It’s National Bat Appreciation Day and I Have The Perfect Picture Book To Celebrate!!! It’s “Rufus” by Tomi Ungerer.

04.17.19
Age: 3-55-8
rufus

04.17.19 • 3:33 pm EDT | 0 responses |

To a certain extent we all are who we are and know what we know. Until we don’t. We are all “becoming.” People, events, impressions combine to shape us and change us, to some degree, for good or ill…depending on our  perspective.

But, in the end, we should accept who we are, and embrace the wonderful thing that is the “self.”

The world struggles with this. And children especially are being shaped and are becoming their best selves; we hope and pray.

And so, as acclaimed picture book author, Tomie de Paola, reminded me today, April 17, is National Bat Appreciation Day!

But which BAT are we celebrating? Those made of wood or the animal kind? I celebrate both, but for today, it’s the animal kind. And today, it’s the picture book called “Rufus” by Tomi Ungerer.

Tomi Ungerer, who recently passed, is a favorite picture book author, not only of mine but of millions of other readers of books for the youngest among us. He is the recipient of the coveted and prestigious Hans Christian Andersen Award for his work in children’s literature.

His art, coupled with a very unique take on the world of childhood that is a combination of savvy and sensitive, makes his books truly unique.

And so we come to Rufus, a bat that hangs upside down during the day, and sleeps, as you would imagine, in a cave.

At night he hunts, and one propitious night, depending on how you look at things, he sees a drive-in movie (the book was written in 1980), and Rufus is gobsmacked by the COLORS. Remember, previously, he has seen ONLY the gray and black and white world of night flying.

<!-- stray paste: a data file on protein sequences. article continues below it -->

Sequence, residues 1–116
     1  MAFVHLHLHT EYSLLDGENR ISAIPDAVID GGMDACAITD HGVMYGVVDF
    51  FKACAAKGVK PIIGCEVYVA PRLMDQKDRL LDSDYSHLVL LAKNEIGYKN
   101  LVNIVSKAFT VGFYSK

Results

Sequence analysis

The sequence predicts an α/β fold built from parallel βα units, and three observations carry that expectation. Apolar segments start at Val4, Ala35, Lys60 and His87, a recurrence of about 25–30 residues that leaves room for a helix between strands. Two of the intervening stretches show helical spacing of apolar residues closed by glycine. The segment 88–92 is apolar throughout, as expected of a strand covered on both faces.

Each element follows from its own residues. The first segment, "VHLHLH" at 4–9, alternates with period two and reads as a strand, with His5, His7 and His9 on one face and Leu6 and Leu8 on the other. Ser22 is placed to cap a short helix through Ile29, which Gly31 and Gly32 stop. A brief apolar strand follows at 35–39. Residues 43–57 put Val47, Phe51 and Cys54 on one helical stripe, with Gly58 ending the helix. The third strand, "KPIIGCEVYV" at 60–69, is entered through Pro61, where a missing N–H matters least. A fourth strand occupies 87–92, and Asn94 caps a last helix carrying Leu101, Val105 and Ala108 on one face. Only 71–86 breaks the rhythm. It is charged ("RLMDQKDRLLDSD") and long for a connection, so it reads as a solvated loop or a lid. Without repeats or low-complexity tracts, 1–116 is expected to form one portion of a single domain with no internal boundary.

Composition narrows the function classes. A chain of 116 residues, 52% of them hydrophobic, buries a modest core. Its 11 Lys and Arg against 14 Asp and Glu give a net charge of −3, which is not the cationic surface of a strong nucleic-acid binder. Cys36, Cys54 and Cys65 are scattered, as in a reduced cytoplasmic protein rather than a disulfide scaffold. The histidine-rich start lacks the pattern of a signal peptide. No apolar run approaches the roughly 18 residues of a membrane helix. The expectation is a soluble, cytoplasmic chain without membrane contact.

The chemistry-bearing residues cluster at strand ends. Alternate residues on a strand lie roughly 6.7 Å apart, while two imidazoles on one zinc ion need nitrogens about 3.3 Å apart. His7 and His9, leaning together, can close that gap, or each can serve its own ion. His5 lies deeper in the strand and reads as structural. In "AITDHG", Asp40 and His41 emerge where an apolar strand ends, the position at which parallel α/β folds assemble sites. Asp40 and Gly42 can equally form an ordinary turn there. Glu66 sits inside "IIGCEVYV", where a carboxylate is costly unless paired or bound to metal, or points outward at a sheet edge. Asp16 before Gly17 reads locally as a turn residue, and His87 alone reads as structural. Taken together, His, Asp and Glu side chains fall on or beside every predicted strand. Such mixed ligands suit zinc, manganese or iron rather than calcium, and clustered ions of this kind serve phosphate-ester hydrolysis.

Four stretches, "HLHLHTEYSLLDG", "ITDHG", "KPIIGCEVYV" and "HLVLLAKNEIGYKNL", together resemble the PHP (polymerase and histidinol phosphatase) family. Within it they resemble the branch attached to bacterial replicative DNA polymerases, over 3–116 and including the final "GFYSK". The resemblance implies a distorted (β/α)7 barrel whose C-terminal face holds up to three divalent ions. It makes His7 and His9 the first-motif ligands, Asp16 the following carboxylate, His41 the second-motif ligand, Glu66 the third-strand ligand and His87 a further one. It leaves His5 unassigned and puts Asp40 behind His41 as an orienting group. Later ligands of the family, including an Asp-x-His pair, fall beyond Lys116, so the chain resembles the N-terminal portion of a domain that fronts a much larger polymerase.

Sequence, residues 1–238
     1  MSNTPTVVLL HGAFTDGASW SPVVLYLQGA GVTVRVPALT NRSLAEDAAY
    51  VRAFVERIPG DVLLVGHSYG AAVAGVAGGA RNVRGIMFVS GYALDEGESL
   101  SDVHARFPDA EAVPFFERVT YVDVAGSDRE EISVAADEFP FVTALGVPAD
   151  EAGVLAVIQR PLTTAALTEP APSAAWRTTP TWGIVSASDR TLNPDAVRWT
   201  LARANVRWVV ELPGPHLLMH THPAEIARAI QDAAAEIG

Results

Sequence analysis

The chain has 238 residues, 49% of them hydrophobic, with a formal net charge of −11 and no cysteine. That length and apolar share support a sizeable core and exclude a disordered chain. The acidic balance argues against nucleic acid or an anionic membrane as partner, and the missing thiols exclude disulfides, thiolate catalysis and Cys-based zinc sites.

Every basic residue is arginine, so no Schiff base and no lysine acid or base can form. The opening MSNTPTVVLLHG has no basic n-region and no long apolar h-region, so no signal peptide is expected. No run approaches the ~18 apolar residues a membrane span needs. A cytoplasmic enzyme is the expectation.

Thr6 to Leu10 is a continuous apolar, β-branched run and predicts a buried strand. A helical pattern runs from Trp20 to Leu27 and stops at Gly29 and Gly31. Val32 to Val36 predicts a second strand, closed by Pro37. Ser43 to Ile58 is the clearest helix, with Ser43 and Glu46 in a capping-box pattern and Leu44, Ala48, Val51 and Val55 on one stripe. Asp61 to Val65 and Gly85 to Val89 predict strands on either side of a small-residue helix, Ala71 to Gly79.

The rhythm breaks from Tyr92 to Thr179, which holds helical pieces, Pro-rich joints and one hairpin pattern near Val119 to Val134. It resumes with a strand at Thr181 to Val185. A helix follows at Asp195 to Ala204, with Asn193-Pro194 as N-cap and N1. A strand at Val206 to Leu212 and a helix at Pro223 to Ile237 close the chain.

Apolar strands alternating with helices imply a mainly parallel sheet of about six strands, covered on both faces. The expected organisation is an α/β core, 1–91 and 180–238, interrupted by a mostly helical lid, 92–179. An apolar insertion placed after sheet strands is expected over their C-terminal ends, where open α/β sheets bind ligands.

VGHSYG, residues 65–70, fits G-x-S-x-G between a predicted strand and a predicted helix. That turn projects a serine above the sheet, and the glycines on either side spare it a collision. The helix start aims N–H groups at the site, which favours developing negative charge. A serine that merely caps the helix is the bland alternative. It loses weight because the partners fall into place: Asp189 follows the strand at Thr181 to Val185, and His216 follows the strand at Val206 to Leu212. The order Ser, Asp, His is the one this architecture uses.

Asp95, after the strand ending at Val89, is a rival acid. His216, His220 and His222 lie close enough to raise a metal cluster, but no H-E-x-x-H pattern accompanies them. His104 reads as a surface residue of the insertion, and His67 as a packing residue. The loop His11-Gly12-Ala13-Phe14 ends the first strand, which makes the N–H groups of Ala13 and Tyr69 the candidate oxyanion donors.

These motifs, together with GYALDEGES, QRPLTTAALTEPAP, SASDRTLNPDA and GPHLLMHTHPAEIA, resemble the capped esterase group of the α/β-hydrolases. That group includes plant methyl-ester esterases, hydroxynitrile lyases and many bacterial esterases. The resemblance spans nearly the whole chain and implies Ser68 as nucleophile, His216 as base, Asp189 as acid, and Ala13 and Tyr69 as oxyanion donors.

He thought it would be nice to see the day with all its beautiful colors, So instead of going to sleep when morning came, he stayed awake. The Sun cam up and Rufus watched with enthusiasm.

 

A world of color opens before Rufus’ eyes as he spies birds and flowers, and, by comparison, he sees HIMSELF in his lack of color, as, well, DULL. And he decides to DO something about it. Coming upon a “palette of paints,” Rufus transforms himself into a bat of many colors:

 

He painted his ears pink, his hooks blue, his feet violet, and drew a big green star on his stomach.

Then he proudly took off into the sunlight. 

 

And what flows from this is a bit of a life lesson, not only for Rufus, but for the reader. The world is not always a kind place when it comes upon something previously unseen and unique.

In point of fact it can be violent and cruel, because of fear. And so, Rufus finds this out.

But Rufus, through the ministrations of a kindly Dr. Tarturo, by chance a famous butterfly expert, Rufus’ wounds are tended to…both outside and in.

With the exposure to sunlight has advantages of seeing new things, Rufus soon realizes that “the sun hurt his eyes and he had to wear dark glasses and swallow pills for his headaches.”

Rufus upon watching a black and white TV show alongside Dr. Tarturo,  discovers something. He is homesick for his cave.

 

But Dr. Tarturo and Rufus remained good friends. Often, after the sun had gone down, Rufus would visit Dr. Tarturo and hunt night moths for his collection. This made them both very happy.

 

I love Tomi Ungerer’s art and his subtle picture book messages to children about life. Sometimes we venture outside of our comfort zones to experience new things. And with these new experiences, sometimes find a combination of outcomes… with some to our liking and some not.

But, on the whole, we must try and stay true to who we are and not be afraid to venture outside into the world…though it can, at times, be BOTH cruel, but mostly KIND.

And he is unapologetic for this pulling aside of the curtain.

His use of vocabulary is also not watered down, with use of words such as:

 

enthusiasm

glorious

glowing

charming

dissatisfied

abandoned

palette

exhausted

 

“Rufus” is a wonderful picture book to celebrate National Bat Appreciation Day, as it celebrates both Tomi and his creation named Rufus, who knows two important things:

Rufus is not afraid to fly both high into the light of day, but knows when to come home.

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